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Grand Army of the Republic

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  • PVT. (USA), Dickinson J. Forgy (1841 - 1909)
    Dickinson Forgy served in the Union Army during the American Civil War. He enlisted in Company B, 46th Indiana Infantry Regiment on 05 Nov 1861.
  • Civil War Veteran (USA), Jacob W Weaver (1822 - 1906)
    Note: Civil War Veteran, Co I 32nd O.V.I.* Reference: Find A Grave Memorial - SmartCopy : May 19 2017, 19:02:03 UTC
  • Pvt. (USA), Wiliiam Wise Ewing (1843 - 1862)
    DIED AGE 21 WHILE IN THE SERVICE OF HIS COUNTRY DURING THE CIVIL WAR SERVING WITH CO H 3RD PA CAVALRY. DIED AT CAMP MARCY, VA. The son of John Nailes & Anna (Wise) Ewing, in 1860 he was a farmer living...
  • John Morrow Williams (1843 - 1924)
    Find a Grave Birth: Oct. 6, 1843 Death: Nov. 20, 1924 Family links: Spouse: Alice Gray Howard Williams (1848 - 1907) Children: Marian Williams Fulks (1870 - 1958)* George Howard Will...
  • Pvt. (USA), David Snoke (1827 - 1899)
    The son of Rev. John & Hannah (Whistler) Snoke, he married Elizabeth Jane Christlieb and fathered George (b. @1848), Samuel (b. @1854), Emily (b. @1856), David E. (b. @1860), and Elizabeth (b. 11/??/59...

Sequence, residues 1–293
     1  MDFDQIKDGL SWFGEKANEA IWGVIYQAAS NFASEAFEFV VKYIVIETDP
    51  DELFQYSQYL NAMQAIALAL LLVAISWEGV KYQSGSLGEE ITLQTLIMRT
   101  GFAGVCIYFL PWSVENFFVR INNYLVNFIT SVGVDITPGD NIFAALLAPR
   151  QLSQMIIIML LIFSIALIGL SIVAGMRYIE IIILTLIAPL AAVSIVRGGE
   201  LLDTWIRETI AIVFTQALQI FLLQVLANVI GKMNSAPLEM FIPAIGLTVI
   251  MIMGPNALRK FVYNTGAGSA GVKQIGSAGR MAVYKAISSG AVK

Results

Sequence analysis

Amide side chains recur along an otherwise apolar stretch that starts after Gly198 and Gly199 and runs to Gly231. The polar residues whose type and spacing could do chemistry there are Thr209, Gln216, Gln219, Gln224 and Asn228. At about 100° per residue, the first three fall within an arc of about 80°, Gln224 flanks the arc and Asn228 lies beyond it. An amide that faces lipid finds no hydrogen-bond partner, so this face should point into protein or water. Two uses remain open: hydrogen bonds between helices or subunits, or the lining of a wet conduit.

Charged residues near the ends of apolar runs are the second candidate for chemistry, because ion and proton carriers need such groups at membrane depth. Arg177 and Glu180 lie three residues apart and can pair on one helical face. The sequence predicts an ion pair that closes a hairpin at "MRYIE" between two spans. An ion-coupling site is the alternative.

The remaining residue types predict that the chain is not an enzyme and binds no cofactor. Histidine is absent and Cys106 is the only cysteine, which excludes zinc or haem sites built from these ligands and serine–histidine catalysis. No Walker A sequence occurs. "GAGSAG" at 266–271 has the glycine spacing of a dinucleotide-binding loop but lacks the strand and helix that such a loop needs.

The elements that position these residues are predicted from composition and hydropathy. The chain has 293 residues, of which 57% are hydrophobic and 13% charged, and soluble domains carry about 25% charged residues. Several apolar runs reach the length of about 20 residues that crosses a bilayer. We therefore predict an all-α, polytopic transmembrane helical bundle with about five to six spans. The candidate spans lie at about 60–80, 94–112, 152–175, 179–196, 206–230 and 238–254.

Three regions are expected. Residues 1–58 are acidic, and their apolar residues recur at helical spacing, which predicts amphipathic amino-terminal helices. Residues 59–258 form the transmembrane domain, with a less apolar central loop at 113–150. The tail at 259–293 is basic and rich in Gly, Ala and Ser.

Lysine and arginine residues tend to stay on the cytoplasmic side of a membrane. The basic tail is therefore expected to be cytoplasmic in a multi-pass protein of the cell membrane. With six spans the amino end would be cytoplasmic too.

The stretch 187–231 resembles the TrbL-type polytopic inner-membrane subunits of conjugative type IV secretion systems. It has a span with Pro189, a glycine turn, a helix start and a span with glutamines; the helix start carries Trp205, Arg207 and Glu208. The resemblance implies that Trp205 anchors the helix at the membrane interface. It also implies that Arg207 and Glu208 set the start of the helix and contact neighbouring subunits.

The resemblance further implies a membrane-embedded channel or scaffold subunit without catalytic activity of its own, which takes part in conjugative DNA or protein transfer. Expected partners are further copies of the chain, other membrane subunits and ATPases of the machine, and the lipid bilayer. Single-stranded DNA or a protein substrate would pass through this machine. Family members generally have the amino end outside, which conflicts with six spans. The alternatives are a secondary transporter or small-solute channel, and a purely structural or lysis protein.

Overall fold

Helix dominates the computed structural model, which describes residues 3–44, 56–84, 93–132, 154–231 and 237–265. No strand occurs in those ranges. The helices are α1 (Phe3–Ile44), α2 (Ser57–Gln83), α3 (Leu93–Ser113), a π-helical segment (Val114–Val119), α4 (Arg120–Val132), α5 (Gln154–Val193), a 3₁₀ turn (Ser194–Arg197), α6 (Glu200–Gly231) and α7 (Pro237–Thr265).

The "Grand Army of the Republic" (G.A.R.) was a fraternal organization composed of veterans of the Union Army (United States Army), Union Navy (U.S. Navy), Marines and the U.S. Revenue Cutter Service who served in the American Civil War for the Northern/Federal forces. Founded in 1866 in Decatur, Illinois, and growing to include hundreds of posts (local community units) across the nation, (predominately in the North, but also a few in the South and West), it was dissolved in 1956 when its last member, Albert Woolson (1850–1956) of Duluth, Minnesota, died. Linking men through their experience of the war, the G.A.R. became among the first organized advocacy groups in American politics, supporting voting rights for black veterans, promoting patriotic education, help to make Memorial Day a national holiday, lobbying the United States Congress to establish regular veterans' pensions, and supporting Republican political candidates. Its peak membership, at more than 490,000, was in 1890, a high point of various Civil War commemorative and monument dedication ceremonies. It was succeeded by the Sons of Union Veterans of the Civil War (S.U.V.C.W.), composed of male descendants of Union Army and Union Navy veterans.